Intel® VTune™ Profiler

User Guide

ID 766319
Date 3/22/2024

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Document Table of Contents

CPU/FPGA Interaction View

Use the CPU/FPGA Interaction viewpoint to assess FPGA performance of executed kernels, overall time for memory transfers between the CPU and FPGA, and how well a workload is balanced between the CPU and FPGA.

To interpret the performance data provided in the CPU/FPGA Interaction viewpoint, you may follow the steps below:

  1. Define a Performance Baseline

  2. Assess FPGA Utilization

  3. Review Memory Transfers

  4. Determine Workload Impact

  5. Review FPGA device metrics

  6. Analyze channel depth
  7. Analyze loops
  8. Analyze Source of the host application part

  9. Analyze Source of the kernel running on FPGA device

Define a Performance Baseline

Start with exploring the Summary window that provides general information on your application execution. Key areas for optimization include application execution time, tasks with high CPU or FPGA time, and kernel execution time.

Use the Elapsed Time value as a baseline for comparison of versions before and after optimization.

Assess FPGA Utilization

Look at the FPGA Top Compute Tasks list on the Summary window for a list of kernels running on the FPGA.

Switch to the Bottom-up window and use the Computing Task Purpose / Source Computing Task (FPGA) grouping to view the hotspots for kernels.


You can click a task from the FPGA Top Compute Tasks list to be taken to that task on the Bottom-up window.

Review the FPGA Utilization timeline, which shows how many kernels and transfers are executing at the same time on the FPGA.

Review Memory Transfers

Look at the Data Transferred column on the Bottom-up window or the Computing Queue rows on the Platform window to view the FPGA kernels and memory transfers.

Determine Workload Impact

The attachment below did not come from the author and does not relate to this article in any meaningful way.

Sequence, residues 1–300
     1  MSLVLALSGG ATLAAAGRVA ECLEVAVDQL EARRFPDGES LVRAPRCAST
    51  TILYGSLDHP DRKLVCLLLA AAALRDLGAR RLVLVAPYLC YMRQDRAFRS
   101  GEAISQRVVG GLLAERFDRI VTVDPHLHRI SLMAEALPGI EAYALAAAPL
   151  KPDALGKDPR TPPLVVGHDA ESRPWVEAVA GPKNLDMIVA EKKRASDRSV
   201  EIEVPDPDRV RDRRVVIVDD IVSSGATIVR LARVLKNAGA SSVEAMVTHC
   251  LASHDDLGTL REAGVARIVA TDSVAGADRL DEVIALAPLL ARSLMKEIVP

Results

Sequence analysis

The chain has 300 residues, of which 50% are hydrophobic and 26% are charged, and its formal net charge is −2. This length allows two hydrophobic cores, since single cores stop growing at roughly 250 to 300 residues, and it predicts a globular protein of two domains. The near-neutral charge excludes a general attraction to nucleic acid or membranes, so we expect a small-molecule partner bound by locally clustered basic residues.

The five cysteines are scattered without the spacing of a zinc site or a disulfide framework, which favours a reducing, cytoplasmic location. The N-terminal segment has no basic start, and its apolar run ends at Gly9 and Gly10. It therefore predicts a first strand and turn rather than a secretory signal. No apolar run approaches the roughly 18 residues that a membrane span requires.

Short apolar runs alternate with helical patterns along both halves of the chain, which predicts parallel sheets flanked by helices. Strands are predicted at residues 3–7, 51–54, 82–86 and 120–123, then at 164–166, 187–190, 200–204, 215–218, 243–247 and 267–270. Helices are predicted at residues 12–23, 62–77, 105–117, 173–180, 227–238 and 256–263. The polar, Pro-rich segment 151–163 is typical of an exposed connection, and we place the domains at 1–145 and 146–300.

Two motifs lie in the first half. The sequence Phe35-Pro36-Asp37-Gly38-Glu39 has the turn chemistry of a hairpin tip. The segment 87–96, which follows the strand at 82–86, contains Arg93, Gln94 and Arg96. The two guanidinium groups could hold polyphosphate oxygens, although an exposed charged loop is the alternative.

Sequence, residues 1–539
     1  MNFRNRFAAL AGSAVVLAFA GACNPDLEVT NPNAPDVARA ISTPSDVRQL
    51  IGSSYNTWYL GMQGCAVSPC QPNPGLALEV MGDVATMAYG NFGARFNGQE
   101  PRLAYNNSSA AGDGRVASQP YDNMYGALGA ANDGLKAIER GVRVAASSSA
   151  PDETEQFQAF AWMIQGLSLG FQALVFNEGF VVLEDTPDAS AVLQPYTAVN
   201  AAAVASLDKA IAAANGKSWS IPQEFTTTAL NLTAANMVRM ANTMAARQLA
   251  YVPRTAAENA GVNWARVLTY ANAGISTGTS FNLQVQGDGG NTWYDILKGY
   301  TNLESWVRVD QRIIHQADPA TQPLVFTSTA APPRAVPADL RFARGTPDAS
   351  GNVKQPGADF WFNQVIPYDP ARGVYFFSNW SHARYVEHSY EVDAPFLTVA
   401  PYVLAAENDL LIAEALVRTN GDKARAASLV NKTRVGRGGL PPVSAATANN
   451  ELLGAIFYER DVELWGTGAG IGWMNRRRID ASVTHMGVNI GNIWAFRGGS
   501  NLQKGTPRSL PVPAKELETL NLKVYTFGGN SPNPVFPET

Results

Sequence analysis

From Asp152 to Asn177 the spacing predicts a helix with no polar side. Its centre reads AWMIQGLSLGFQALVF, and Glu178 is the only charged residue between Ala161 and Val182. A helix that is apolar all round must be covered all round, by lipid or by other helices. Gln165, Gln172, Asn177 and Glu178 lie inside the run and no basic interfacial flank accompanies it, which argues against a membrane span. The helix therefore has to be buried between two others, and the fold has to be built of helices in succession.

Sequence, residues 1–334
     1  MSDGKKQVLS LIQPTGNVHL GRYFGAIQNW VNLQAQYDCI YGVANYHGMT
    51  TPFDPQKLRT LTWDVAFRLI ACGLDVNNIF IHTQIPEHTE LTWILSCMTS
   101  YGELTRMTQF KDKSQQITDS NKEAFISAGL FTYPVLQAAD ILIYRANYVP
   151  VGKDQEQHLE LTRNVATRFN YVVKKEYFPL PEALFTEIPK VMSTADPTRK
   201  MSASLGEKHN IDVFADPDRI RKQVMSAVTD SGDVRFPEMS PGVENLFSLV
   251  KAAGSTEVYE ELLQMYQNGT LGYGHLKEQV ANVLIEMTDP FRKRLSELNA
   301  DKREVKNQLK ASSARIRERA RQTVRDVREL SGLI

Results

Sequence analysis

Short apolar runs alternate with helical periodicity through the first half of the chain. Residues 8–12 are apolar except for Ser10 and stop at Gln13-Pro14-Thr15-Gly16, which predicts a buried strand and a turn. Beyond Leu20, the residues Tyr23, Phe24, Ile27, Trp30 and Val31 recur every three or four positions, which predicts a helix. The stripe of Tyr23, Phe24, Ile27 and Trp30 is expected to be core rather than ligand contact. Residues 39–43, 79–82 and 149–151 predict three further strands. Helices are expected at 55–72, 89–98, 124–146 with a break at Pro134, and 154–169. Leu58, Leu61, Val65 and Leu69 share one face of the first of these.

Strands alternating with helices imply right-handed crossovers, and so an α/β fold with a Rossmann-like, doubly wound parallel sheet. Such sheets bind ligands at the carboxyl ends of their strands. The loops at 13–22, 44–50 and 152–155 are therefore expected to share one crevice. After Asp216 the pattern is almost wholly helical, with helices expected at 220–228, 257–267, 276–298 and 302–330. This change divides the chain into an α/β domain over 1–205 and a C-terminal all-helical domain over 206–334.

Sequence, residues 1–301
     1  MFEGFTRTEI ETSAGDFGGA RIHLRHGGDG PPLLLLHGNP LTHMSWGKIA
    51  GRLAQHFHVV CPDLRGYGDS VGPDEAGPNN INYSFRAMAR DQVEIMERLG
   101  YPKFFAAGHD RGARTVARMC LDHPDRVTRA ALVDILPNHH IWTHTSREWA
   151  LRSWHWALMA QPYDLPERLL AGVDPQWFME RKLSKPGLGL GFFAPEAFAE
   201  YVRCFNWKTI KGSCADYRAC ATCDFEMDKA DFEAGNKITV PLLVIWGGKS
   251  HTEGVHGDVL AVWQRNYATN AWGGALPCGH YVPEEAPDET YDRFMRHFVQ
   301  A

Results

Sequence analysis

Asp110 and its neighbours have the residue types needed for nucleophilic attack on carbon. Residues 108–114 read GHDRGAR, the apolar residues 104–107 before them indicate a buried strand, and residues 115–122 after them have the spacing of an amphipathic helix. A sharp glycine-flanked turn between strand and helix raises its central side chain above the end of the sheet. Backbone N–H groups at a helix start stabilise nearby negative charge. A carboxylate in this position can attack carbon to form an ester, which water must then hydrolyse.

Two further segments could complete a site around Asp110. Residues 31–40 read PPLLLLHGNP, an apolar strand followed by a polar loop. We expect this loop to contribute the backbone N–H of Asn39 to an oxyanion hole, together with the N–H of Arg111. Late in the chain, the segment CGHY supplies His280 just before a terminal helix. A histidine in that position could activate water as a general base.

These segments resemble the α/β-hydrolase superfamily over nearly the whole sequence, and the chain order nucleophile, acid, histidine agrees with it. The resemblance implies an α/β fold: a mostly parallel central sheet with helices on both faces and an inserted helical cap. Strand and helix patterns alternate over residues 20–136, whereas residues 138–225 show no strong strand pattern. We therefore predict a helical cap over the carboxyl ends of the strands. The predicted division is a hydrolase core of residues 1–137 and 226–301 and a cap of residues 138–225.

The Context Switch Time metric on the Summary window shows the amount of time the CPU spent in context switches. Switch to the Platform window and hover over the timeline to view the reason for the context switch. In some cases, CPU context switches may represent CPU waits for the FPGA. Look at the FPGA Utilization line to identify times when the CPU may have been waiting on the FPGA and vice versa. For instance, when there is no FPGA activity, but CPU activity is high, it is likely that the FPGA is waiting for the CPU to complete a preparation step.

Review FPGA Device Metrics

Switch to the Bottom-up window to analyze Stalls, Global Bandwidth and Occupancy metrics and see how efficiently your kernels run on the FPGA device.

Analyze the Idle % metrics values to understand the percentage of cycles when there were no valid work-items executing or stalling the memory or channel instruction. The Activity % metric shows the percentage of cycles a predicated channel or memory instruction is enabled.

Analyze Channel Depth

In the Bottom-up window, locate the Average and Maximum Channel Depth information for selected instances. If required, adjust the channel depth for your needs.

If the channel is full all the time, the write side of the channel is working faster than the read side, and the channel will be stalling in the write kernel. If the channel is mostly empty, the read side is likely to be stalling, and if the channel is bigger than 32 bits deep, you can reduce it in size without a performance hit.

Analyze Loops

Analyze the occupancy for profiled loops:

Analyze Source of the Host Application Part

Double-click the function you want to optimize to view its related source code file in the Source/Assembly window. You can open the code editor directly from the Intel® VTune™ Profiler and edit your code (for example, minimizing the number of calls to the hotspot function).

Analyze Source of the Kernel Running on an FPGA Device

Double-click the kernel to see FPGA device metrics per the kernel source lines. Use the Source view to see what channels and memories cause most stalls and how much data they transfer.